Questions about DNA recovery by silica binding

David F. Spencer dspencer at
Thu Oct 16 11:43:19 EST 1997

In article <Pine.SUN.3.95L.971014000013.1252A-100000 at>,
Wilson <netson at> wrote:

> Dear all,
>         I would like to use homemake silica to recover DNA from agarose
> gel.  I know that DNA can bind to the silica under high salt
> concentration.  Almost all protocol are suggested that high concentration
> of NaI is used to dissolve agarose gel and provide the high salt condition
> for the DNA binding.  Is it possible to use other salt such as NaCl, KCl
> etc to substitute NaI (if my DNA is in agarose gel or in TE)?  Is there
> any advantage of using NaI rather than other salt? 

You must use a chaotropic salt to solubilize agarose gels and chlorides are
not very effective.  NaI is still the most common salt used for this
purpose but there are variations that use sodium perchlorate, and of course
guanidinium isothiocyanate is used in other preparative procedures that
involve DNA binding to silica; GTC would not however be the most obvious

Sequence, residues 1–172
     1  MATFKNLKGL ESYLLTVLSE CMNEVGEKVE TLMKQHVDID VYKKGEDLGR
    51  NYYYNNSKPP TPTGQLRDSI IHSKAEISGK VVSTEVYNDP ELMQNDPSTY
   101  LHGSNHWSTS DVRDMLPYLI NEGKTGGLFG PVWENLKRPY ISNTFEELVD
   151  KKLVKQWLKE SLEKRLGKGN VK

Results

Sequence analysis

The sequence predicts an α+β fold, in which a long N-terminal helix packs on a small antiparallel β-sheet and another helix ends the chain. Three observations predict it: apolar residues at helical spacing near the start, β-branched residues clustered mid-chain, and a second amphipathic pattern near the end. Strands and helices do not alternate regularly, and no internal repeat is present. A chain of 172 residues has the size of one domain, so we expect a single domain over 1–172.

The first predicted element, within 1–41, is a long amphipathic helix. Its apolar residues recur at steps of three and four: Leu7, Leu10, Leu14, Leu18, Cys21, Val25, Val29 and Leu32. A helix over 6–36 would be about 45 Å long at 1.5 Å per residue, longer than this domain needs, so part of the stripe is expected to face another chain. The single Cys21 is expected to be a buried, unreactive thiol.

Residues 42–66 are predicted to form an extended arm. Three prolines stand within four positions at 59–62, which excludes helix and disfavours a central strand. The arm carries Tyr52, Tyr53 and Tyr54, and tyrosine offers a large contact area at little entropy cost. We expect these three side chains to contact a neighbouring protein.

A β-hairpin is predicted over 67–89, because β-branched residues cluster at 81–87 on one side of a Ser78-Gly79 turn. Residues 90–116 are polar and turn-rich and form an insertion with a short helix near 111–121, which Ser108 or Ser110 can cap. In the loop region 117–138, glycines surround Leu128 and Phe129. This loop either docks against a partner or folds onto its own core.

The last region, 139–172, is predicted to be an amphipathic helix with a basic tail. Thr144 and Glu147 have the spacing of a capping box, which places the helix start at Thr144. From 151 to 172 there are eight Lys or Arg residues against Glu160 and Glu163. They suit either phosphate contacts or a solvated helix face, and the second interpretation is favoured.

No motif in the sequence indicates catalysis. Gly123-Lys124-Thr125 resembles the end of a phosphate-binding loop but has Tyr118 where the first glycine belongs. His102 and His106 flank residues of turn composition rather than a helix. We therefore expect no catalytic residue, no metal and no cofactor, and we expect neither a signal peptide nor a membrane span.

choice for purifying DNA from agarose.

If you track down an old physical chemistry text such as Glasstone that
gives the Hofmeister series (also called the lyotropic series) then you can
find other possible suitable salts.  The series includes both cations and
anions; technically the most effective chaotropic salt would be predicted
to be cesium thiocyanate but I believe you will have to settle for
something less exotic.

Dave Spencer

David F. Spencer, PhD
Dept. Of Biochemistry
Dalhousie University
Halifax, Nova Scotia

dspencer at
dspencer at

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